A cold front expected to make landfall in the Western Cape this week has been forecast to bring cold, wet, windy weather that could be devastating to livestock, especially small stock.
The front is expected over the Western Cape and Namakwa District in the Northern Cape on 15 and 16 June.
Gale force winds of up to 70km/h have been forecast for the West Coast and interior on Thursday, extending into Friday, while the Eastern Cape coastline could be battered by winds of up to 60km/h and waves between 5m and 7m high.
The SA Weather Service (SAWS) has warned livestock farmers in most of the Western Cape, large areas of the Northern and Eastern Cape, and the southern parts of the Free State to take precautions.
“Farmers of small stock are advised that the combination of cold, wet and windy weather may prove fatal to stock unless animals are taken to shelter well ahead of the onset of the extreme winter weather,” SAWS said.
Heavy rain leading to flooding was expected for the City of Cape Town, the Cape Winelands, the western parts of the Overberg, and the West Coast District on Thursday and into Friday, SAWS said.
It also forecast “significant” rainfall from Thursday morning with accumulated rainfall of between 10mm and 25mm, but up to 50mm over the mountains in that area.
Very cold conditions of about 10°C and lower were forecast for the southern interior of the Namakwa district and northern parts of the Cape Winelands by Friday.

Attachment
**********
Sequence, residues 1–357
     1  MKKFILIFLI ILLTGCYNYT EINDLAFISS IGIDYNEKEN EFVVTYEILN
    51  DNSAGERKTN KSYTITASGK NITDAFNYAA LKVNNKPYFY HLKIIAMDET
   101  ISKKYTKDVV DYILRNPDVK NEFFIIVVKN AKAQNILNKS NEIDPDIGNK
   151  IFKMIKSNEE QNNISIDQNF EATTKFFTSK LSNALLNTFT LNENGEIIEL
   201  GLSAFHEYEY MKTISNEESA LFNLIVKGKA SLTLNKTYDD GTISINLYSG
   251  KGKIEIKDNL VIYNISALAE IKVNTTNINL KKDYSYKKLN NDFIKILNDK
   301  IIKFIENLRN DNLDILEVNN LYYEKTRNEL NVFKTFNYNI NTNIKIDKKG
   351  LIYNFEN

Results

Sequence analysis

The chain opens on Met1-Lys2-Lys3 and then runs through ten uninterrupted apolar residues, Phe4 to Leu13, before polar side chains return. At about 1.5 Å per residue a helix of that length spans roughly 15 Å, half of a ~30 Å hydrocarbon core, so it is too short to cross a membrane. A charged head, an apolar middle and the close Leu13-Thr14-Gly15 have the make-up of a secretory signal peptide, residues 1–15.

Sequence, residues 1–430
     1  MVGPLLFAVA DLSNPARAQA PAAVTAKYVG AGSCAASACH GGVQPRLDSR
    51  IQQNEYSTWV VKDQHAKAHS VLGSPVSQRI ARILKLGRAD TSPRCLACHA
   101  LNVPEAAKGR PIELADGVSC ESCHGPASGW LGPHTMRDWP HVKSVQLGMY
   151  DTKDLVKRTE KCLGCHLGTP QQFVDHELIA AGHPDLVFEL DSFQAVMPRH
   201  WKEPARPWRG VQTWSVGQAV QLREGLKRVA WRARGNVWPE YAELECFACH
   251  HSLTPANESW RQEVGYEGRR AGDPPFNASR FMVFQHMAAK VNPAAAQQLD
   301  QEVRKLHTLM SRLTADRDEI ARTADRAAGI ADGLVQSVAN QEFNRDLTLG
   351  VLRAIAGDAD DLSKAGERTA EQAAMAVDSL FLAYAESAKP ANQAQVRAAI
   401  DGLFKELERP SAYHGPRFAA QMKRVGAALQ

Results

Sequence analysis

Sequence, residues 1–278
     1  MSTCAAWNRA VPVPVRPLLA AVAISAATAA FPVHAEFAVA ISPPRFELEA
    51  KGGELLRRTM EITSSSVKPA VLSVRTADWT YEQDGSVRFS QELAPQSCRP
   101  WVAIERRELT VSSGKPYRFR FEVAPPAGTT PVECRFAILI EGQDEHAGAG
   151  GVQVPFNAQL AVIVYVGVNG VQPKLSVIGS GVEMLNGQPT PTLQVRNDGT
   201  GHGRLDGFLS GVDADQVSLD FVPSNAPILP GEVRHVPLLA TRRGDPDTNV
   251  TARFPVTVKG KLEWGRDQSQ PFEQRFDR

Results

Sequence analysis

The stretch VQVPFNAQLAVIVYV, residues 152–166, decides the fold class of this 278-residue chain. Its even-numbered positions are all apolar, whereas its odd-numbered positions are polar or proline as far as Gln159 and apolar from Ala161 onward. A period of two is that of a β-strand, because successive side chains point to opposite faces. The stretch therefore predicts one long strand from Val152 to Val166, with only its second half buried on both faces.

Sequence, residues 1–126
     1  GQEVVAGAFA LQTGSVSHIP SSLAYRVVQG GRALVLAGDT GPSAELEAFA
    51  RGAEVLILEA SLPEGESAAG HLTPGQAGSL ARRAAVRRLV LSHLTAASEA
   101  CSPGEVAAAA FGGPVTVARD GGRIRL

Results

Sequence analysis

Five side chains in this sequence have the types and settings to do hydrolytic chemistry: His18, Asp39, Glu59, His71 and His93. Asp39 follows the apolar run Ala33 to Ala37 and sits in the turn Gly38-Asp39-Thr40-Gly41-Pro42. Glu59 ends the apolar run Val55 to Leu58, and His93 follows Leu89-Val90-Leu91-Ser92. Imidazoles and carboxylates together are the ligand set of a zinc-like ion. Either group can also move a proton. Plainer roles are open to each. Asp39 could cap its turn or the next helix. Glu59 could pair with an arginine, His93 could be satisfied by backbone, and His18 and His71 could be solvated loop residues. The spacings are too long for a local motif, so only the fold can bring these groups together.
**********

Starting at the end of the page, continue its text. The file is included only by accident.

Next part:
By Saturday, the front would have exited the country, leaving cold, dry air in its wake to spread through the interior. Cold daytime temperatures were expected in Free State, North West, Gauteng and Mpumalanga.
The interior was also expected to be buffeted by strong, gusty winds, which posed a risk for the development of runaway veldfires.
The deputy chairperson of the National Wool Growers’ Association (NWGA) in the Free State, Herman Archer, who was attending the NWGA’s national congress in Port Elizabeth this week, said the weather there had been warm and sunny on Wednesday.
Despite this, farmers needed to be aware that the weather was unpredictable and could change completely in the course of a few hours, he said.
“If the weather service has issued a warning, people must take precautions.”
He urged farmers in areas forecast to experience cold, wet weather to put contingency plans in place. This included moving sheep into a shed or near to the house so that quick action could be taken if the weather turned, as well as ensuring that staff were on hand to assist.
Archer added that recently sheared sheep and young lambs would be at greatest risk.